Article originally published in the Greater Nashua Chamber of Commerce Newsletter, January 2010
Both the state and federal legislatures have been at work considering laws which expand benefits to employees to allow them to care for family members or to meet their own medical needs. On October 28, 2009 H.R. 2647, the Fiscal Year 2010 National Defense Authorization Act was enacted. The Act expands upon the FMLA military leave benefits which were just added on January 1, 2008. The law previously granted up to 12 weeks of unpaid leave to certain relatives of members of the national guard or reserves called to active duty. This benefit, known as exigency leave, is available to employees who need to attend to urgent pre-deployment matters such as making temporary child care arrangements, handling financial or legal matters and undergoing counseling. Effective immediately the Exigency Leave benefit is expanded to include not only the families of reservists called to duty, but also those of active duty service members.
The pre-amendment version of the FMLA also provided up to 26 weeks of unpaid leave to the next of kin of troops who are injured or become ill during active duty. The leave could be used to attend to the needs of recuperating service members. The Caregiver Leave provisions have also been expanded to include not only active duty troops injured in service but also veterans undergoing medical treatment, recuperation or therapy for any injury or illness occurring in the line of duty within five years of the leave.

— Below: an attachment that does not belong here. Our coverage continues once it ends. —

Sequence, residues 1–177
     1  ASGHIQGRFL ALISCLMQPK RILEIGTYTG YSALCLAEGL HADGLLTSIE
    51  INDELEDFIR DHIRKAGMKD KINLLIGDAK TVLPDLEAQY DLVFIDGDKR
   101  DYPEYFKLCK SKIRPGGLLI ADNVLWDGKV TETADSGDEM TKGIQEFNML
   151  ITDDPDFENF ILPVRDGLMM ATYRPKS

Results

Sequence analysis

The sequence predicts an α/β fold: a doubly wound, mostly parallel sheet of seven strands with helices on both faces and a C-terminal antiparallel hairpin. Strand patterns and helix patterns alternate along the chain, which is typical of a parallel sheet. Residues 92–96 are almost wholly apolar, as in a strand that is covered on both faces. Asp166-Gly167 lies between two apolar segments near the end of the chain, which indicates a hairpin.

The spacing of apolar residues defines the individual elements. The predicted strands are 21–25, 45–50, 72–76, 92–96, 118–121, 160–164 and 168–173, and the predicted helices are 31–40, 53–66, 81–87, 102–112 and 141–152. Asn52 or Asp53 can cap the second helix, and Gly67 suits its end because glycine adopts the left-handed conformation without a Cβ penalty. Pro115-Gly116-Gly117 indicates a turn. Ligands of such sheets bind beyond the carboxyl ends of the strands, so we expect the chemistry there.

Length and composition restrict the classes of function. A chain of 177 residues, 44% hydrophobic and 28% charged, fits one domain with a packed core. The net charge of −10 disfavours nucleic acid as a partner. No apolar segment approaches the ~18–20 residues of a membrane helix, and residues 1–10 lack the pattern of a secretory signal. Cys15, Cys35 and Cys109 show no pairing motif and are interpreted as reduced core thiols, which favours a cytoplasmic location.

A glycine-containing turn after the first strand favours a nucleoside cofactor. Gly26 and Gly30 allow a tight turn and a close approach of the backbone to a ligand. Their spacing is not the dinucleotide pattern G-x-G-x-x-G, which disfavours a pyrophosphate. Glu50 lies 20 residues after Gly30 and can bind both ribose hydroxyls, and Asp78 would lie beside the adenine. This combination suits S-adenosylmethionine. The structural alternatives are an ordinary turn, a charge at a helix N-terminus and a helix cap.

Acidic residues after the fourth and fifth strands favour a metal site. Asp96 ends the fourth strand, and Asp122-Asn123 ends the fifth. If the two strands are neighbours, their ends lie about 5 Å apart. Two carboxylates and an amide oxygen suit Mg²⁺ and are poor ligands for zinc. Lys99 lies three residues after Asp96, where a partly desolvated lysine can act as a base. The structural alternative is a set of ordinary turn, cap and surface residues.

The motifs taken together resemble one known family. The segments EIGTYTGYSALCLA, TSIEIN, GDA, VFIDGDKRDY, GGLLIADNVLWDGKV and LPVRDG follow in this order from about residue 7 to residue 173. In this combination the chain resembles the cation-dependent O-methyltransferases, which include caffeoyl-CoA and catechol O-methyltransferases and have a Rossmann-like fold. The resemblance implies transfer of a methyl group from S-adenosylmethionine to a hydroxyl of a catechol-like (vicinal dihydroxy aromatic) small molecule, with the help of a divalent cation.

As with all other provisions of the FMLA, this leave is available to employees who work for companies with 50 or more employees located within a 75 mile radius. To qualify the individual must have worked for the company for at least one year and have worked 1250 hours in a year. Employers should update their FMLA policies to reflect these changes.
Both the state and federal legislatures are also considering several bills which would mandate some form of paid sick leave to employees. New Hampshire HB 662 would provide at least three days of paid sick leave per year to full and part time employees employed by a company for a minimum of six months. The leave would be available for an employee’s own illness or routine medical care or care of family members.
The Healthy Families Act, which was introduced last summer in the U.S. Senate, would require employers of 15 or more employees to provide paid sick leave to both full and part time employees. Leave could be used for a physical or mental illness of the employee; a doctor’s visit for the employee; or caring for a child, parent, or a spouse or any other individual related by blood or affinity that is the equivalent of a family relationship.
Perhaps because the Healthy Families Act has been languishing in committee and the H1-N1 virus has spread, the Emergency Influenza Containment Act was just introduced in Congress. It would provide five paid sick days to workers with contagious diseases in scenarios where the employee was told to go home or asked to stay home by the employer. This bill also applies to companies employing 15 or more but would expire two years after enactment.
Charla Bizios Stevens is a shareholder and director in the Employment Law Practice Group at the law firm of McLane, Graf, Raulerson & Middleton, P.A. Charla can be reached at 603-628-1363 or firstname.lastname@example.org. The McLane Law Firm is the largest law firm in the State of New Hampshire, with offices in Concord, Manchester and Portsmouth, as well as Woburn, Massachusetts.